Snail-Digested Paper Creates Malleable Design Material [Pics]

Snail-Digested Paper Creates Malleable Design Material [Pics]
Arts & Culture

Reprocessed snail excrements can be used as something other than fertilizers.

Serena Chu
  • 27 november 2013

Dutch designer Lieske Schreuder discovered a new use for snail excrements. The experiment might make you scrunch your nose, but it is actually a very creative idea if you give it a chance. Schreuder fed coloured parchment to her snail farm – which contains hundreds of snails she purchase from a snail breeder – and then gathered the uniquely-colored poo to make tiles and thread. The paper given to the snails is similar in cellular structure to the plant matter they typically consume, and is probably why these snails are so willing to be laboratory experiments.


Schreuder found that snails cannot digest the colour pigment of the paper, and as a result they must force the dye out the other end. After collecting copious amounts of snail waste, Schreuder stuffed the malleable material into a machine – which she designed to grind, mix and press – to churn out colorful thread strands. The turnout rate of the thread is so slow that its takes her an hour just to make one meter. To give you a better description, it takes nine snails five days to produce six grams of waste.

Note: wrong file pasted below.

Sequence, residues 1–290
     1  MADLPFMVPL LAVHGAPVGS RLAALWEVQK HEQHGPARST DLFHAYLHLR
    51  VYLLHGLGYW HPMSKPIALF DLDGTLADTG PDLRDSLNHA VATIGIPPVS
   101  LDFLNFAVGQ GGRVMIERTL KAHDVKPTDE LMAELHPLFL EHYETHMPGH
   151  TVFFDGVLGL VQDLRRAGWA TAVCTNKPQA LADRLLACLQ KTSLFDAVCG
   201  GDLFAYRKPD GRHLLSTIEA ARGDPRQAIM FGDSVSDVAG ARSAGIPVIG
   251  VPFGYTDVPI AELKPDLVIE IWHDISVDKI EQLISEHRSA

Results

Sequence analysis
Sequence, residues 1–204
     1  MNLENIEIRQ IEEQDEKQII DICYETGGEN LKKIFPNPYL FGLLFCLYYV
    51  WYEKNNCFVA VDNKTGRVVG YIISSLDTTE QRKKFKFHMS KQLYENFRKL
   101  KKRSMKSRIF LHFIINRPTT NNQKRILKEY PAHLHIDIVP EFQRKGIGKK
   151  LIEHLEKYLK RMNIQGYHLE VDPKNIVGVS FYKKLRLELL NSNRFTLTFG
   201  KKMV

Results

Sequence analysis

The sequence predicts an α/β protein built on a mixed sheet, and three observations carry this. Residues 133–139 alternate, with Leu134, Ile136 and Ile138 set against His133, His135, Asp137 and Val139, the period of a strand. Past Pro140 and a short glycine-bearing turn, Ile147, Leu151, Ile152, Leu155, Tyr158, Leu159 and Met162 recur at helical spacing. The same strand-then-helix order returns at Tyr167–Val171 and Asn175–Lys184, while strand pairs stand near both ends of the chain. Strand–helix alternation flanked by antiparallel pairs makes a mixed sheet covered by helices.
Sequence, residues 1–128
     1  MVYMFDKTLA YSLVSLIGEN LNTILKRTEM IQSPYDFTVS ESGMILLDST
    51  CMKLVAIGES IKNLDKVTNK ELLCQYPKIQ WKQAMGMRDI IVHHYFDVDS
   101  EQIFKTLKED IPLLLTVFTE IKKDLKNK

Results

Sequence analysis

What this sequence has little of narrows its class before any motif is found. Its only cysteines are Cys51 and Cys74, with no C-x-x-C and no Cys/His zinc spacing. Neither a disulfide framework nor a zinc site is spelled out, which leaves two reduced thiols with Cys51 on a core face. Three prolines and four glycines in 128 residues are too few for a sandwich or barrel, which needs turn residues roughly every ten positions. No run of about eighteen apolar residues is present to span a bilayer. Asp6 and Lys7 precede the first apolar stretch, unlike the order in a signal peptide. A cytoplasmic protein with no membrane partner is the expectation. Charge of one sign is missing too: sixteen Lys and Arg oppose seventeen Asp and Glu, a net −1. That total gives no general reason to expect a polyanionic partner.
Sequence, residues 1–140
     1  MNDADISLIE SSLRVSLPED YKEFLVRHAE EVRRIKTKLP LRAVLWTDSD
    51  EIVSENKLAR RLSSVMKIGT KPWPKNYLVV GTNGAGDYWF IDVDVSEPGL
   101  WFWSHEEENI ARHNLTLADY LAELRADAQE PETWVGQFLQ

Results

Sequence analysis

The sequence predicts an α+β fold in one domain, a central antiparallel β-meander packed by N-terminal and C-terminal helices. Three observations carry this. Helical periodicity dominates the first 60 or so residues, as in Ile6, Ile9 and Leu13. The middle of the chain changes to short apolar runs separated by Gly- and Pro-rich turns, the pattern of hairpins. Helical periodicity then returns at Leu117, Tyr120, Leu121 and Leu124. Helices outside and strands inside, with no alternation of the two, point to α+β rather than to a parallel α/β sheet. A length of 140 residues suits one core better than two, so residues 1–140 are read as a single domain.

Lieske Schreduer

Source, images: DeZeen

+Environmental / Green

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